Analysis-With Cainiao buyback, Alibaba takes aim at rivals’ overseas advance

By Casey Hall

SHANGHAI (Reuters) – Alibaba’s plan to buy full control of its logistics subsidiary rather than spinning it off could signal the Chinese giant is taking competition from e-commerce rivals Shein and Temu more seriously in overseas markets, analysts said.

The company on Tuesday said it has decided against listing Cainiao – a year after announcing its intention to list – citing reasons such as a “depressed” share market in Hong Kong.

At the same time, it outlined further investment in Cainiao’s global network to reduce delivery times to three days from five for markets including the U.S.

The sprawling technology firm has returned focus to its core business against a sputtering macroeconomic backdrop at home and booming e-commerce market abroad. While it has solidified its number one rank in China, it is far from dominant overseas.

“We see a lot of players in the market being very aggressive but in the future this is going to be an even bigger market and we want to participate in that,” Chairman Joe Tsai told analysts during a conference call on Tuesday.

Alibaba has been grappling with how to make its global marketplaces such as AliExpress and Lazada more competitive. The advantages of an early head start have faded in recent years, with sales and growth outshone by Chinese-founded peers Temu from NASDAQ-listed PDD and Shein.

Investing in Cainiao’s global infrastructure and leveraging that might be one way to reel in rivals, said Brian Wong, a former Alibaba employee and author of “The Tao of Alibaba”.

Cainiao is the logistics backbone of founder and now 67% owner Alibaba – a figure which would have dropped to somewhere above 50% after listing. It operates warehouses as far afield as Indonesia and Belgium, and provides supply management solutions to other logistics firms.

“It’s quite strategic for international market development. Temu and Shein don’t own their own logistics infrastructure so this will be a differentiator and it could give Alibaba a leg-up when it comes to this overseas battle,” Wong said.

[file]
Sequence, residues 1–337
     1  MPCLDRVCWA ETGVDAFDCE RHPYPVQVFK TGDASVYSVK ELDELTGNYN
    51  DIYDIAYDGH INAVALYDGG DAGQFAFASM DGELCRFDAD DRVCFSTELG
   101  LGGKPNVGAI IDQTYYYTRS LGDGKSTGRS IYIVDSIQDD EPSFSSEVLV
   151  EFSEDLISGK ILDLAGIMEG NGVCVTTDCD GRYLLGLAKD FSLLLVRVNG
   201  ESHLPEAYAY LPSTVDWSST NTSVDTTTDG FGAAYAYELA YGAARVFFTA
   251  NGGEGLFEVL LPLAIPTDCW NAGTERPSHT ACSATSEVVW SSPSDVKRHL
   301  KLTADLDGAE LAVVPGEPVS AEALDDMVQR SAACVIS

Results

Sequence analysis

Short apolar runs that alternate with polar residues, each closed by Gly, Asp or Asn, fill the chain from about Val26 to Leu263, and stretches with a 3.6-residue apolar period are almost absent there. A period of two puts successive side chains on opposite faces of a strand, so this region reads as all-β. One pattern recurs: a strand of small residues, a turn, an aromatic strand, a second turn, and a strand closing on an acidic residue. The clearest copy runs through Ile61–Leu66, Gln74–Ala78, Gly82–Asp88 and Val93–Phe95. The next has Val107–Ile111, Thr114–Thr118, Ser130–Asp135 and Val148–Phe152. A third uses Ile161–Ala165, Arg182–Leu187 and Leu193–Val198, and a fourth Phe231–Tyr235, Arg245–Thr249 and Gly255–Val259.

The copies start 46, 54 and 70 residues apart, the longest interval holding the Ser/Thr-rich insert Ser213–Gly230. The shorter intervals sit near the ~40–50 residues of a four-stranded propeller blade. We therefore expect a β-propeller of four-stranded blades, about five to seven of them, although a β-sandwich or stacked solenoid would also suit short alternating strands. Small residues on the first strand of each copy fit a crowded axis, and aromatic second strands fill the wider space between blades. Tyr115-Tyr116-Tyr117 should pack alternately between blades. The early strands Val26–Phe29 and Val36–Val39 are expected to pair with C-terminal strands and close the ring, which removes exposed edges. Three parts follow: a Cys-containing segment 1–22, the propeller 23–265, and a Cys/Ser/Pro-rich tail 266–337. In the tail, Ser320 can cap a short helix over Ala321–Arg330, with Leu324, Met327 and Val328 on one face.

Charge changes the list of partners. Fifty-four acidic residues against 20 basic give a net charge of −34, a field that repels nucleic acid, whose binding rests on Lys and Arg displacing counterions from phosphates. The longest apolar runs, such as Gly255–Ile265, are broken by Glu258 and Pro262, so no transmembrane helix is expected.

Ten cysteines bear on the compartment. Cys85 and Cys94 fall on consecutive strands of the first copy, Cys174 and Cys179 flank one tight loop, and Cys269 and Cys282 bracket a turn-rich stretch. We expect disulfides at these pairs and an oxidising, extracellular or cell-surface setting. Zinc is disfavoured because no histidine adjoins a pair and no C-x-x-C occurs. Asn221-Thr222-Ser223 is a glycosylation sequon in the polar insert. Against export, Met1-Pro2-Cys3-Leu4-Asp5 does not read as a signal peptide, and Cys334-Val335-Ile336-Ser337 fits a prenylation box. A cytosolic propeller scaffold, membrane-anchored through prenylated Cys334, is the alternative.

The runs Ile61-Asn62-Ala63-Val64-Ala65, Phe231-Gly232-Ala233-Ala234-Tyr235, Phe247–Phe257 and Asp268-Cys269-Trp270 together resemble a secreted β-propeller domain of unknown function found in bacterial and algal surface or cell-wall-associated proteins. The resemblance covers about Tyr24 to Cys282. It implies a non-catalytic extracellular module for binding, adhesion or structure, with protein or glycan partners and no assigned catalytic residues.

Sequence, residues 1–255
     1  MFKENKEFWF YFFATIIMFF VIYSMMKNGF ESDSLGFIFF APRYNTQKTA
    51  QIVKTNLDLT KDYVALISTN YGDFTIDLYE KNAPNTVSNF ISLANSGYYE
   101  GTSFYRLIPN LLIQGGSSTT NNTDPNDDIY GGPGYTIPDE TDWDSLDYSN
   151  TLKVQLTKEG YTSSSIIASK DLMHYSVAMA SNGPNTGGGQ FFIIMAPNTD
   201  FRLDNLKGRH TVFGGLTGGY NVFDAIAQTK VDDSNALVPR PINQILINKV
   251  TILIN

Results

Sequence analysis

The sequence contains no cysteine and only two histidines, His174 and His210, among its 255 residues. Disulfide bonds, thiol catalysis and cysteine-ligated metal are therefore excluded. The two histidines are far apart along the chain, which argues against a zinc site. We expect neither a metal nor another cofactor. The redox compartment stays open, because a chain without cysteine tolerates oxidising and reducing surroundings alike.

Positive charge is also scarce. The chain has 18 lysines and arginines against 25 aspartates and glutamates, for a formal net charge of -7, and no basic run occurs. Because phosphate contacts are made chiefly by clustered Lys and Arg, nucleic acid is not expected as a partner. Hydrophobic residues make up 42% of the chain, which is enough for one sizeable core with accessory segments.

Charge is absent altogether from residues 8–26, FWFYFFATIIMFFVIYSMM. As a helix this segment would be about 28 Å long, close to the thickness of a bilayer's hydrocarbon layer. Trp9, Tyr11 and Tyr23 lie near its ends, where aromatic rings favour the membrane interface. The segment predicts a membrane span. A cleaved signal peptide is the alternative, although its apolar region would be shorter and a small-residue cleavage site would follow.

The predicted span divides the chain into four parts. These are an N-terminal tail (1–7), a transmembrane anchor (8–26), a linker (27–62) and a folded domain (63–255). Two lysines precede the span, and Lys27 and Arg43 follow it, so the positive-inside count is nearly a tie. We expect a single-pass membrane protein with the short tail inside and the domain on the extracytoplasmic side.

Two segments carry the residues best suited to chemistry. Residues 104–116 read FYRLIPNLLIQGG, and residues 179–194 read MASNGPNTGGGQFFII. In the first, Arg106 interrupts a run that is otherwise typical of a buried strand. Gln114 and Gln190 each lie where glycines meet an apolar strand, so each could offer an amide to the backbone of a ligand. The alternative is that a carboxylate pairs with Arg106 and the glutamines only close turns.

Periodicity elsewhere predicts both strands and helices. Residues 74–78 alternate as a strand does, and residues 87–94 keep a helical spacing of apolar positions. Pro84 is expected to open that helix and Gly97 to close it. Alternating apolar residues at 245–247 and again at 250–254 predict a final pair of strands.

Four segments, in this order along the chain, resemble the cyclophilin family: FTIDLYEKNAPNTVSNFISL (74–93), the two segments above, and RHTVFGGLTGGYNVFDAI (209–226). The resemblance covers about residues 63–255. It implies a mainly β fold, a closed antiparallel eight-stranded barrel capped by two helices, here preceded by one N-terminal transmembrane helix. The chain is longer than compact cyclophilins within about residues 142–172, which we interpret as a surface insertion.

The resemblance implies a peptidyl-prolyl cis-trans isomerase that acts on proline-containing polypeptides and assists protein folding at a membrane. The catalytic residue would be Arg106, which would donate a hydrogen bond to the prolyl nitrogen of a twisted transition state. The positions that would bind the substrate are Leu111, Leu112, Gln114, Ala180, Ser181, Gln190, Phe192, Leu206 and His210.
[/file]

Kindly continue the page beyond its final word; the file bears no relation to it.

Convenient returns processes as well as customer data that Alibaba could keep in-house are potential pluses, on top of improved delivery times, Wong said.

At present, standard delivery times to the U.S. are six to 22 days for Temu, its website showed. Shein’s website said 75% of U.S. orders arrive in fewer than 10 days.


Alibaba announced its Cainiao spin-off as part of broader restructuring that included turning its international e-commerce unit into a standalone business headed by Jiang Fan, previously president of Alibaba’s domestic Taobao and Tmall marketplaces.

The business, dubbed Alibaba International Digital Commerce, is much smaller than the domestic marketplaces but has been one of Alibaba’s brightest growth areas. Earnings grew 44% in October-December versus the same period a year prior, with order volume growing 60% at AliExpress Choice, which uses Cainiao.

On Tuesday, Tsai said Alibaba wanted to “win” in e-commerce by regaining market share, with Cainiao playing a central role.

“It is crucial that we achieve deep integration between Cainiao’s operations and our e-commerce businesses,” Tsai said. This will involve “patient” investment, he said, for which Alibaba has sufficient funds, with $60.5 billion in net cash at December-end.

Making Cainiao private will allow management to “focus on the business rather than be distracted” by a listing, Tsai said.

“We will focus on developing key businesses, expanding our global logistics network, building global competitiveness, and Alibaba will provide strong support for Cainiao’s global expansion plan,” Cainiao CEO Wan Lin told Reuters.

Alibaba has set the domestic e-commerce agenda for years. When it comes to overseas, said emerging markets senior analyst Saurav Sen at Gimme Credit, its decision to buy out Cainiao instead of reducing its stake is a u-turn that demonstrates the degree to which it is at the mercy of market conditions.

(Reporting by Casey Hall; Editing by Brenda Goh and Christopher Cushing)